San Francisco Social Media “Influence” Firm Klout Criticized for Making Changes
Klout, the popular social media “influence” firm based in San Francisco, received some criticism this week from users that were unhappy about its recent changes.
The coveted “Klout Score,” which assigns a score from 1 to 100 to users across multiple social media channels based on each user’s ability to “drive action,” has undergone changes to the formula it uses to calculate scores. Many users saw their Klout scores drop by 10 to 20 points in a matter of days. To make matters worse, the firm has been accused of privacy infringements by creating “shadow profiles” of social media influencers who haven’t even signed up for their service.
No one, including Klout representatives, seems willing or able to explain the new scoring method & permission-deficient social permeation. Critics are calling the changes “neither accurate nor transparent” and “a serious mistake.” According to with Morad Benyoucef of the University of Ottawa, who has written on the Klout phenomenon, users who are contemplating abandoning the Klout ship may want to consider factors like Klout’s:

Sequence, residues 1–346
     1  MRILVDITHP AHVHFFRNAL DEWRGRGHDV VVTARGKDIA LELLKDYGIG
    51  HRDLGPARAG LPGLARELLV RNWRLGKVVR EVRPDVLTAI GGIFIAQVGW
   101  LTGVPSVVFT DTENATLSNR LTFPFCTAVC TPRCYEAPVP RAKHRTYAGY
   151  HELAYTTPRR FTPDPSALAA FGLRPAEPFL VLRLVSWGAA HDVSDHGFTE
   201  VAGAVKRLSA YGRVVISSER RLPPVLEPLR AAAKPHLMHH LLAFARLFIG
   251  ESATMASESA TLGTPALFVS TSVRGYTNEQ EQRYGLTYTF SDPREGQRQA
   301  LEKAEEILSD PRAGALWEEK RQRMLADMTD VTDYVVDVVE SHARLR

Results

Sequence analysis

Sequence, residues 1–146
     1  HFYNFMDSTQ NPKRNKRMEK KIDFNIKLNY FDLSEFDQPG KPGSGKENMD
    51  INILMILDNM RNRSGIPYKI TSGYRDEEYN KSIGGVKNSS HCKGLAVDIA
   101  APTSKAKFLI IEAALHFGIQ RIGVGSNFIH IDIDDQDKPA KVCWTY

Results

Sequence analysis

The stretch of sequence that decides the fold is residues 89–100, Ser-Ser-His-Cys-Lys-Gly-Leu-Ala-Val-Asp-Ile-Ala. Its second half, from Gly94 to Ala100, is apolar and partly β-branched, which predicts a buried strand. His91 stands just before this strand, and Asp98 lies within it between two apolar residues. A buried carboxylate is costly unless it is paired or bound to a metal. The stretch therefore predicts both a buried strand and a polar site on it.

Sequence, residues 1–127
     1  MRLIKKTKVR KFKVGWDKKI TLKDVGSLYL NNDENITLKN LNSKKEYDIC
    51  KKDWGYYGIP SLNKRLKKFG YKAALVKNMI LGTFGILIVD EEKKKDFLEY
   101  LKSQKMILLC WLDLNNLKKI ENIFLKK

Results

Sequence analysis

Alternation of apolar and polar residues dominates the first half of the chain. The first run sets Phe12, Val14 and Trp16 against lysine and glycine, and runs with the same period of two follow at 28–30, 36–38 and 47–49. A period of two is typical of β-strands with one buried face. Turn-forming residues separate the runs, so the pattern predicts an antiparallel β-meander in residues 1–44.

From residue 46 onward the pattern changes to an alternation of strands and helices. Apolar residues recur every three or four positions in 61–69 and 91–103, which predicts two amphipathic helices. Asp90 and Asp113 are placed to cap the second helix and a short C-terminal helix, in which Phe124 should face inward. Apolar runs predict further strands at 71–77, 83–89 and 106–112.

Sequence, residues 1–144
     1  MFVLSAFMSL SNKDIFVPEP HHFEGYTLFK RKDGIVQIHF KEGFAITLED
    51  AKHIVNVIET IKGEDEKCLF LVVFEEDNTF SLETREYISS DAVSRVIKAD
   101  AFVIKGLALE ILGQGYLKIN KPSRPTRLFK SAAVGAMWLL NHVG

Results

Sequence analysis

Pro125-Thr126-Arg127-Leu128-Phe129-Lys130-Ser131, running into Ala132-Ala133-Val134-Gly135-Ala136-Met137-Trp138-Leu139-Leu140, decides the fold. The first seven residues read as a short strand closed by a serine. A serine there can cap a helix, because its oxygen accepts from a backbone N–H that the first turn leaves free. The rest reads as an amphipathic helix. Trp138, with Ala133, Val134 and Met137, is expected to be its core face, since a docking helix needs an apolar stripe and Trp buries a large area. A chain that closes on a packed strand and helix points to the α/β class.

Statistical legitimacy: “I think Klout takes a rather simplistic view of influence,” he said. “They say they measure how much a user’s content is “shared” and “commented” on… Probably a fine algorithm but it does not measure influence. It measures how much a message with certain keywords travels, where it goes, who initiates it, who resends it and who comments on it, etc.” If you believe your online influence is greater than the sum of its parts and your Klout score doesn’t accurately reflect your social media authority, then Klout may no longer be for you.
True influence: Some who have written on the Klout experience have wondered: Are serious businesses really using Klout scores for decision making? Benyoucef says yes, but to a point. “They are all basically dipping their toes in the water,” he said. “The reputation system is far from perfected. To a large degree, the only way it can be perfected is by business running trials and then allowing Klout to analyze the outcomes.” The question is, do you or your social media agency trust them to do this?
Personal value: For many who use Klout, there is a somewhat addictive quality to this social media ranking site. The ability to see a score associated with your perceived level of influence and compare that influence with that of your “friends,” colleagues or competitors can be quite motivating. For some, it encourages them to continue posting, continue interacting, continue engaging. It has been said that if theSan Francisco social media experts who founded Klout didn’t invent it, then Twitter or Facebook may have. If you get something out of , why not keep using it in pursuit of a higher score, no matter how elusive the path to achieving it is?